This past April I completed a commission for amateur paleontologist W.C. (Cory) Brimblecombe, who asked me to create a painting of an Early Jurassic ammonoid fossil. (Ammonoids are extinct relatives of squid.) Cory envisioned a collage of four components: the fossil specimen in two views, a reconstruction of the living animal in color, and a map of the area where he collected the fossil.
The first challenge was that I would not have access to the fossil specimen. Luckily, Cory was able to obtain a plaster cast of the fossil, as well as some photographs of it. He also provided photos of other specimens from the same location, enabling me to get a good sense of the rock matrix in daylight, the optimal color. He mailed the cast to me, so I could set it up in front of me with the desired light source. Using this cast, I first made a drawing of the specimen, reconstructed:
The soft parts of the animal were not fossilized; this is nearly always the case for ammonoids. This information void was the second challenge. There is certainly conjecture involved in my reconstruction, but one aspect I’m reasonably confident about is the orientation, which is based on the best available science. I also solicited comments from two different scientists and viewed many squid photos—ammonoids’ (likely) closest living relatives.
For the color painting, I chose colors typical of other mollusks for both the shell and the soft parts. Since this species likely drifted in the water column, it seemed logical to me that some countershading was in order. (Countershading is common in fishes. A pale belly offers a little camouflage from predators who are looking at the fish from below, against a bright sky, while a dark back offers camouflage from predators who are lurking above and looking down.)
The third challenge was that the photos of the actual specimen appeared to have been taken indoors and not with a directional light to show off the form. In order to create the two views of the fossil specimen, I needed to combine the light on form of my study drawing with the color in the daylight photos Cory had taken of other specimens, along with all of the specific cracks, flaws, and mottled pigment pattern information of the actual specimen photos. This took longer than I anticipated.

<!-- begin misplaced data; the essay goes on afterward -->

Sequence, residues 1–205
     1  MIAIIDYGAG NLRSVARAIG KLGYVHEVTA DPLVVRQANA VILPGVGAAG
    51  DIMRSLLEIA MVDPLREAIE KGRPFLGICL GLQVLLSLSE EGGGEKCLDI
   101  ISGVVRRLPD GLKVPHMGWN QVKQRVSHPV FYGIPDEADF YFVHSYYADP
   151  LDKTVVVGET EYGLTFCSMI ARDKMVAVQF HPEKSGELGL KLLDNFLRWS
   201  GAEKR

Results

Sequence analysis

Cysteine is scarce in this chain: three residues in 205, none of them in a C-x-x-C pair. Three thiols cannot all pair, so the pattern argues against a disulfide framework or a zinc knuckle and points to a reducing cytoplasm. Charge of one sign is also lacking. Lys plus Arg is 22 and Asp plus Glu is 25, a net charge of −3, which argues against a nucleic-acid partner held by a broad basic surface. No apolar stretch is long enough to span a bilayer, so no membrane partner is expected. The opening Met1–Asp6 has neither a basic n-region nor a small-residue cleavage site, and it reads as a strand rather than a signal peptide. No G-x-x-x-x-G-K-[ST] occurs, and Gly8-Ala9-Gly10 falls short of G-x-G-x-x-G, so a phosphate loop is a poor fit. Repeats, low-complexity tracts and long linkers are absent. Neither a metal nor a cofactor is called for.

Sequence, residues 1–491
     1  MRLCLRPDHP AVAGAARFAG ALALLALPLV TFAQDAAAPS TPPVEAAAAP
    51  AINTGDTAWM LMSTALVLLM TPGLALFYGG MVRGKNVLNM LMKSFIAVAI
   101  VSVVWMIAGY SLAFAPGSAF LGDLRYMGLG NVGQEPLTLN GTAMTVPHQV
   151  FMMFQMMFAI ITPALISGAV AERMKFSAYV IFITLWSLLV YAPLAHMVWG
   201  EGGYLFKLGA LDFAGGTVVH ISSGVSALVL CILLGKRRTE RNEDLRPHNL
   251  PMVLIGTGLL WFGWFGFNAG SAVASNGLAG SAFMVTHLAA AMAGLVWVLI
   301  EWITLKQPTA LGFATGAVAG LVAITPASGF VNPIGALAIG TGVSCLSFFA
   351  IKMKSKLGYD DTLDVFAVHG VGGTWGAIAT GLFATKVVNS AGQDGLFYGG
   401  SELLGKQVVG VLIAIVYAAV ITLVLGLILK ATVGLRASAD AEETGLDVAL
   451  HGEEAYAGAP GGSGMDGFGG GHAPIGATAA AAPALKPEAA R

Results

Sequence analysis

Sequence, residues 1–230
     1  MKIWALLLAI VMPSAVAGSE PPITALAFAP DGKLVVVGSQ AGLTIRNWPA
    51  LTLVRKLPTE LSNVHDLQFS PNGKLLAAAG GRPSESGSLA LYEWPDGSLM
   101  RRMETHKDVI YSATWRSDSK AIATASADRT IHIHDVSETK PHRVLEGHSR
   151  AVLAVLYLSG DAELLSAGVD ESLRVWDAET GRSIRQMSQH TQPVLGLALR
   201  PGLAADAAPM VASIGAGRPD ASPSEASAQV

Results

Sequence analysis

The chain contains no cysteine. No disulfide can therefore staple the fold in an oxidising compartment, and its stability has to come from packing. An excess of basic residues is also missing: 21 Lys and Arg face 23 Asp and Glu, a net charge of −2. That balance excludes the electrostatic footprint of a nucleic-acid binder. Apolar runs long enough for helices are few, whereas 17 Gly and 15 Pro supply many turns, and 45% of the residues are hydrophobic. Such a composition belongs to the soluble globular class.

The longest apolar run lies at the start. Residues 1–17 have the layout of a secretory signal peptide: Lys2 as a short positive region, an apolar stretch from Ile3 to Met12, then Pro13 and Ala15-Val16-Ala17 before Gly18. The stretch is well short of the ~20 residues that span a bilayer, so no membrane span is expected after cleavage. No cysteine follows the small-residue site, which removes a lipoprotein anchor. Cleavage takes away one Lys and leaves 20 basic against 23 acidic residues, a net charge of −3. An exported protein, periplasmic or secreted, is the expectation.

Below is the entire painting, including an illustration of the collecting area based on an old map of the region. On the right is a legend showing the formations and their ages, and below, a drawing of one of the ammonoid’s sutures accompanies its name and collection number. I used a combination of watercolor and gouache paints, and graphite for the writing.
Cory collected the fossil from the Last Creek Formation in British Columbia in 2002, during a trip where he and a group of other collectors were helicoptered in to a remote location 7000 feet above sea level; their only company was grizzly bears! Cory gave his find to a friend who was working on her PhD about fossils from that formation. She determined that the ammonoid was a new species, so she featured it in her thesis and then donated the specimen to The Geological Survey of Canada where it resides in their Fossil Type Library. The ammonoid was named Sunrisites brimblecombei after its discoverer. Cory said “It felt good to contribute to the science of paleontology in my own little way. We are only stewards of what we find.”
I love this story because it illustrates how amateur paleontologists can play an important role in the modern science of paleontology. Cory remarked: “Amateur paleontologists are an enthusiastic group with unbounded energy. They can provide a larger pool of people to search for and uncover fossils. Hand in hand with government and educational institutions, amateur paleontologists can be a great resource to provide unique and scientifically important fossils available for study.”
I thoroughly enjoyed this opportunity to work on my favorite group of animals—fossil invertebrates—and to work with Cory, who appears to appreciate all the details of the process as much as I do.